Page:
Updated from 4:17 p.m. to include comments about second quarter guidance from the conference call.
NEW YORK (TheStreet) –– Cisco (CSCO) shares fell in after-hours after the networking equipment giant posted fiscal first quarter results that were better than expected, but second quarter guidance fell short of estimates.
San Jose-based Cisco earned 54 cents on an adjusted basis on $12.25 billion, as revenue rose 1% year over year. Analysts surveyed by Thomson Reuters expected the the company to earn 53 cents a share on $12.16 billion in revenue.
"We are pleased with our results and are very comfortable in our strategy to deliver innovative solutions which enable the next generation of IT and the Internet of Everything," Cisco CEO John Chambers said in a statement. "This was our strongest Q1 ever in terms of revenue, non-GAAP operating income, and non-GAAP EPS. We are still in a tough environment, but seeing encouraging trends as cities, businesses, governments and schools are becoming more digitized."
For the second quarter, Cisco said it seeks revenue up between 4% and 5%, versus expectations of a rise of 8%.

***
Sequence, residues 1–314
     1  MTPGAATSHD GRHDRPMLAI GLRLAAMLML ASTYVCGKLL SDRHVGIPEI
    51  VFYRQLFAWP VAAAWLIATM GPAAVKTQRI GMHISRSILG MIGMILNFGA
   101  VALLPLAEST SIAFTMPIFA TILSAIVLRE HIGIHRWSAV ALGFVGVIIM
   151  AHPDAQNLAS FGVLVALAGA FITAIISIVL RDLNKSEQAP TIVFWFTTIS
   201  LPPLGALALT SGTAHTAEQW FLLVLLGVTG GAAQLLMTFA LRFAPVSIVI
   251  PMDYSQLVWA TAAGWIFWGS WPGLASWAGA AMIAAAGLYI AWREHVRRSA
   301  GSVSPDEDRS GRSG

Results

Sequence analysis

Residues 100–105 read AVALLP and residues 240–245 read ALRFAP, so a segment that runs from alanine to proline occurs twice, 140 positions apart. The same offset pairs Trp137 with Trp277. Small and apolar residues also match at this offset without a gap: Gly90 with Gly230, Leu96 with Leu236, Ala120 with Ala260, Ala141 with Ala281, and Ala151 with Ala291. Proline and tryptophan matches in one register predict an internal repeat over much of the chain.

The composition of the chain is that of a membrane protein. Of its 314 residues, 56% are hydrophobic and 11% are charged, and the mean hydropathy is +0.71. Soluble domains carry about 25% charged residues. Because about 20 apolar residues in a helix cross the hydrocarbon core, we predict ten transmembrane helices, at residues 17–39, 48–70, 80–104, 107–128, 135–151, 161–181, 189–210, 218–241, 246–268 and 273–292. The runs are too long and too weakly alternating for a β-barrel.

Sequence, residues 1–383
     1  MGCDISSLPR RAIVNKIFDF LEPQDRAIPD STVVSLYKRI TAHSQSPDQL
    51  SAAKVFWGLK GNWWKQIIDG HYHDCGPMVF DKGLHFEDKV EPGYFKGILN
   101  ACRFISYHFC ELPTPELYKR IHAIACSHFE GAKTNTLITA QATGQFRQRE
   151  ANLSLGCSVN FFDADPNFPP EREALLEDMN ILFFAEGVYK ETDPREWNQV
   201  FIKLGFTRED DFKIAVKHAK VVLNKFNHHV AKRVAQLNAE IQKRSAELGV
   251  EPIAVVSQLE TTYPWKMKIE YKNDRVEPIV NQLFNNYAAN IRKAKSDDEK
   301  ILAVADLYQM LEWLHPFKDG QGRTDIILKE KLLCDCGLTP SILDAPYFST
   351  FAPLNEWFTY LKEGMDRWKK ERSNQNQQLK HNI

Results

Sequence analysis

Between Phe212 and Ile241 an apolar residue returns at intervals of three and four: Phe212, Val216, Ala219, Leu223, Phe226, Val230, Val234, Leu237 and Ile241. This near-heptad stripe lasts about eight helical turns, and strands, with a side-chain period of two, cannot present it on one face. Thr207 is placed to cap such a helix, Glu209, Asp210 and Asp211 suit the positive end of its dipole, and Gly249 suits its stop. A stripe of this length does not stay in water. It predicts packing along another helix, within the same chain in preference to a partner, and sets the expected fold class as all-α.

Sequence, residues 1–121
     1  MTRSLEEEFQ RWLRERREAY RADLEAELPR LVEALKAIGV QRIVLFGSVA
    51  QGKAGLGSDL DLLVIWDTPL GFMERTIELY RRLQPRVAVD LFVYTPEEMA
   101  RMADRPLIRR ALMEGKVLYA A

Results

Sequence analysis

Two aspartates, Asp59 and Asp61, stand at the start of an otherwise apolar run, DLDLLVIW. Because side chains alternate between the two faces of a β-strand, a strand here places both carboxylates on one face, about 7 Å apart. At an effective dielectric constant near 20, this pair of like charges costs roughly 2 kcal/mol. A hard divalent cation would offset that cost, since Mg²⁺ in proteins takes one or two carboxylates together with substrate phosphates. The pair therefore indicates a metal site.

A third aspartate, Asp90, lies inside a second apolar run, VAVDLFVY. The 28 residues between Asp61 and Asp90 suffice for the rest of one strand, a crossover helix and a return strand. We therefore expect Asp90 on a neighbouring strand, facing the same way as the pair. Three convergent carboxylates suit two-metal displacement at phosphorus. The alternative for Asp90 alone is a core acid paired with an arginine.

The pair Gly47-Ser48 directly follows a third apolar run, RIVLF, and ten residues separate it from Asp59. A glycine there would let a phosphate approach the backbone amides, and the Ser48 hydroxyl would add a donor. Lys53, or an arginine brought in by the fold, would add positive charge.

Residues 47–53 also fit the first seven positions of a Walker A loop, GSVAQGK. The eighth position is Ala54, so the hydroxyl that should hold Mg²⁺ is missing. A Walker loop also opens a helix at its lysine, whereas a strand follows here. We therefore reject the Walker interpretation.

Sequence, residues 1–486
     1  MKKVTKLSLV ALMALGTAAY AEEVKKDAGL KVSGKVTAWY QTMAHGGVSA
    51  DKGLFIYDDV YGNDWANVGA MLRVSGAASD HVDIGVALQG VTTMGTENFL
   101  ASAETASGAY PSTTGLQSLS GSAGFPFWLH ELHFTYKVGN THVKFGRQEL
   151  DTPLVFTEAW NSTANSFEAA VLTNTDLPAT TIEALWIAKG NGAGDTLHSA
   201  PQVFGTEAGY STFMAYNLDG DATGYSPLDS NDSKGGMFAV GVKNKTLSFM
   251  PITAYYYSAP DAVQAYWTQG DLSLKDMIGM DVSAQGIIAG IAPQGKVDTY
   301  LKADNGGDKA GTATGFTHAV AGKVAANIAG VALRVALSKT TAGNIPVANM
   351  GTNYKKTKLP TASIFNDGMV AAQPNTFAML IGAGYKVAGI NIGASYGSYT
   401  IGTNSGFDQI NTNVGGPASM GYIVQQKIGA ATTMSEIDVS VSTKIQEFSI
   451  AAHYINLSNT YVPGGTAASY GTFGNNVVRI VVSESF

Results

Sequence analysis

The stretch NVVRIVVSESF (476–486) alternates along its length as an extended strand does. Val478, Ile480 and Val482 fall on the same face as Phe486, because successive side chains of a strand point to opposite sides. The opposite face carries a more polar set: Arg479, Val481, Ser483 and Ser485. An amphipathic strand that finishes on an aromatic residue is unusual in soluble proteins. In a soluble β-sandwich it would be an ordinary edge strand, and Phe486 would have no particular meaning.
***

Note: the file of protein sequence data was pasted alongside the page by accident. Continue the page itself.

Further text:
Shares were falling 1.1% in after-hours to $24.82, after falling in the regular trading session.
The company also noted that CFO Frank Calderoni would be stepping down, effective Jan. 1, 2015. Taking his place will be Kelly A. Kramer, who is currently senior vice president, Business Technology and Operations Finance of Cisco.
"We had a solid quarter delivering results for Q1 consistent with our expectations," Calderoni said in the press release. "Our strong cash flow, balance sheet, and ongoing commitment to return capital to shareholders demonstrates the strength of our financial strategy."
The company generated $2.5 billion in cash flow from oeprations in the first quarter, down from $2.6 billion in the fiscal fourth quarter, but up from $2.6 billion in the fiscal first quarter of 2014. Cisco ended the quarter with approximately $52.1 billion in cash and cash equivalents, the same as it ended fiscal 2014 with.
--Written by Chris Ciaccia in New York
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